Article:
The year when it disintegrates

27. 9. 2011 // // Kategorie Randnotizen 2011

In his essay about Speculative Realism, a new branch of contemporary philosophy, Marc Fischer quotes the philosopher Ray Brassier from his book Nihil Unbound: Enlightenment and Extinction:

Sooner or later both life and mind will have to reckon with the disintegration of the ultimate horizon when, roughly one trillion, trillion, trillion (101728) years from now, the accelerating expansion of the universe will have disintegrated the fabric of matter itself, terminating the possibility of embodiment. Every star in the universe will have burnt out, plunging the cosmos into a state of absolute darkness and leaving behind nothing but spent husks of collapsed matter. All free mater, whether on planetary surfaces or in interstellar space, will have decayed, eradicating any remnants of life based in protons and chemistry, and erasing every vestige of sentience irrespective of its physical basis. Finally, in a state cosmologists call asymptopia, the stellar corpses littering the empty universe will evaporate into a brief hailstorm of elementary gravitational particles. Atoms themselves will cease to exist. Only the implacable gravitational expansion will continue, driven by the currently inexplicable force called dark energy, which will keep pushing the extinguished universe deeper and deeper into an eternal and unfathomable blackness.

Fischer goes on to write:

Think of your own response to Brassiers description of cosmic asymptopia. You know that it is overwhelmingly likely that science is correct, and that the universe is tending towards a state of non-being, yet at the same time, you continue to act as if this doesnt matter.

However, this is definitely not my response to Brassiers description. I know a megalomaniac power fantasy when I read one. Nothing is more mythologically attractive or potent than a vision of apocalypse.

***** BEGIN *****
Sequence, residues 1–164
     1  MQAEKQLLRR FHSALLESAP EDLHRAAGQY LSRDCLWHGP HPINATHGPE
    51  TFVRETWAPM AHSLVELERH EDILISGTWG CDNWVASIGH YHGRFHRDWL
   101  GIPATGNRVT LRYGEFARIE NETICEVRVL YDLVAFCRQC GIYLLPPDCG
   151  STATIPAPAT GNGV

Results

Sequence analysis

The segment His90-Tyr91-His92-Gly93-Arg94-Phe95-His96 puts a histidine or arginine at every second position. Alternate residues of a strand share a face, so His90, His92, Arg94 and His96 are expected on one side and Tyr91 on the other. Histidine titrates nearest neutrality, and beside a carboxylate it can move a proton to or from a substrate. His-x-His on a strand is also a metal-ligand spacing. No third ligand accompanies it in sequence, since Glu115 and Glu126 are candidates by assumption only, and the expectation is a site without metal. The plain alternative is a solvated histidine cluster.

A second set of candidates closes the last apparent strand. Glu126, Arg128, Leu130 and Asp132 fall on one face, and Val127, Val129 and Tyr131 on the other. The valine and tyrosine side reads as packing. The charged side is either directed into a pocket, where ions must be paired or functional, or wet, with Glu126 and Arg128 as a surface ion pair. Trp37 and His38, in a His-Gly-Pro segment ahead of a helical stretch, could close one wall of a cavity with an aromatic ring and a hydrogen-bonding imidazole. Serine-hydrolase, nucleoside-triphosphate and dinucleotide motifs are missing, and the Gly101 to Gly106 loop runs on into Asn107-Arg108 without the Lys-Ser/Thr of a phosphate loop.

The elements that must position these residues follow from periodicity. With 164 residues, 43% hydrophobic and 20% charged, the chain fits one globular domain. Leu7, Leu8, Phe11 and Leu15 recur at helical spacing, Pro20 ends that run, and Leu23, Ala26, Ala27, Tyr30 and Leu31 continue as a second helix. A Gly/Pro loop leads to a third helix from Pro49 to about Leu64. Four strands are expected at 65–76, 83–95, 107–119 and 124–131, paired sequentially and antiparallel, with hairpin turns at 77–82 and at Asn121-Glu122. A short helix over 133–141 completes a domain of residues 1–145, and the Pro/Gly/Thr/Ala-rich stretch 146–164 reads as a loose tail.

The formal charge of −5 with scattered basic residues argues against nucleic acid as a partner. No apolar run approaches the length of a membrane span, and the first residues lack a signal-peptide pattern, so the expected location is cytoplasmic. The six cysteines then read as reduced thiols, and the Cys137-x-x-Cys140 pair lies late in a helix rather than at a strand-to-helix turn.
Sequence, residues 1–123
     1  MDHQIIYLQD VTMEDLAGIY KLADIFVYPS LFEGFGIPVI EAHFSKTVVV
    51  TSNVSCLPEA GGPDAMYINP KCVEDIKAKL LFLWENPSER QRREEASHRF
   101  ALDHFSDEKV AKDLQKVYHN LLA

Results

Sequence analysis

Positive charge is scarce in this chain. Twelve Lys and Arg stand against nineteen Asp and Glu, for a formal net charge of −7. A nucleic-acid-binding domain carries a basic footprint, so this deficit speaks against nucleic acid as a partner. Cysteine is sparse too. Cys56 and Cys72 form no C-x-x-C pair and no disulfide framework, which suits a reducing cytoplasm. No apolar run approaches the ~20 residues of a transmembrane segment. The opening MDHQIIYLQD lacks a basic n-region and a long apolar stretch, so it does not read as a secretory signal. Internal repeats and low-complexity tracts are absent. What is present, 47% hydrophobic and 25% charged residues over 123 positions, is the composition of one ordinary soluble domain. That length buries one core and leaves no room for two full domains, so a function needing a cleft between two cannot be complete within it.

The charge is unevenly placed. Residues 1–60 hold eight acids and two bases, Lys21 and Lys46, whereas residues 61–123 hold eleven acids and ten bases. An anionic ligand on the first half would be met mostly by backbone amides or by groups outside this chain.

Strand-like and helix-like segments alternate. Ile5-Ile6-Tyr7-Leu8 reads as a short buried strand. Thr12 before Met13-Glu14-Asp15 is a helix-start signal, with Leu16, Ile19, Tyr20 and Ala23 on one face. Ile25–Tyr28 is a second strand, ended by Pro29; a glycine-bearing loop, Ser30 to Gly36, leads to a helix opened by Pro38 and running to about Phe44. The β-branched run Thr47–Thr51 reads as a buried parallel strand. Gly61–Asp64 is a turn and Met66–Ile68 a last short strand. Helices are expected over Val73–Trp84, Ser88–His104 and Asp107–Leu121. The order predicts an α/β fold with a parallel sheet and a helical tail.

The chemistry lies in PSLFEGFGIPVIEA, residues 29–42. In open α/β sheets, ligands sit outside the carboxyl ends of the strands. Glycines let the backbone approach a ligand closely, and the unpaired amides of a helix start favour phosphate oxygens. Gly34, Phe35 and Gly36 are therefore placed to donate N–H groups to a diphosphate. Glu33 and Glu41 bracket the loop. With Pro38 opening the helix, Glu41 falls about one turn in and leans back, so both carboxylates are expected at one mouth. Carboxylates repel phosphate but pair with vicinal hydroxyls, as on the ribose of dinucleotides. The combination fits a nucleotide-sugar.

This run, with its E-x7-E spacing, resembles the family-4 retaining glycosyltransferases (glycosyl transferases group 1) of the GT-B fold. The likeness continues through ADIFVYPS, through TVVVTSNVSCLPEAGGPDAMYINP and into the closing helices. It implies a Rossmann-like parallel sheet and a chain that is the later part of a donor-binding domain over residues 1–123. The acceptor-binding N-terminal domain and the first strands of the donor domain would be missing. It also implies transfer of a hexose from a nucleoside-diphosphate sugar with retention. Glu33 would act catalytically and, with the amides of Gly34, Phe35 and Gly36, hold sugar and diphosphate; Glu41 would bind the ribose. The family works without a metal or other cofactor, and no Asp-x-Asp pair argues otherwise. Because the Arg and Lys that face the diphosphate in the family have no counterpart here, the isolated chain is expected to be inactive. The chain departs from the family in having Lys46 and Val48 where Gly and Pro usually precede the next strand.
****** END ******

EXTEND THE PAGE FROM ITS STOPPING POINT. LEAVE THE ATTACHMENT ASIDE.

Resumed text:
More to the point, the history of science is littered with examples where science thought things were one way before realizing they were completely wrong, that it was actually something very different. If the past five hundred years of science is full of examples of scientific blunder and misreading, how can we possibly pretend to know what might happen in a trillion much less a trillion, trillion, trillion years.

Predicting the future is a suckers game. Of course, scientists will say their predictions are based on hard scientific facts and calculations, which I am sure they are. But when the paradigm shifts, the facts are re-sorted, and a great number of paradigm shifts could very well occur in a trillion, trillion, trillion years. Humanity could disappear, and reappear, many times over such a period. As could much else.

In a more general sense, one might say this all has to end some time. If the lifespan of a living creature is the metaphor we are choosing as our baseline then of course everything comes to a close. But for me this is simply another example of wishful thinking. Perhaps the greatest example yet. A more powerful speculation might be to imagine the universe, in some form or other, continuing indefinitely. This would require a different sort of mythology. One that might, potentially, be more useful.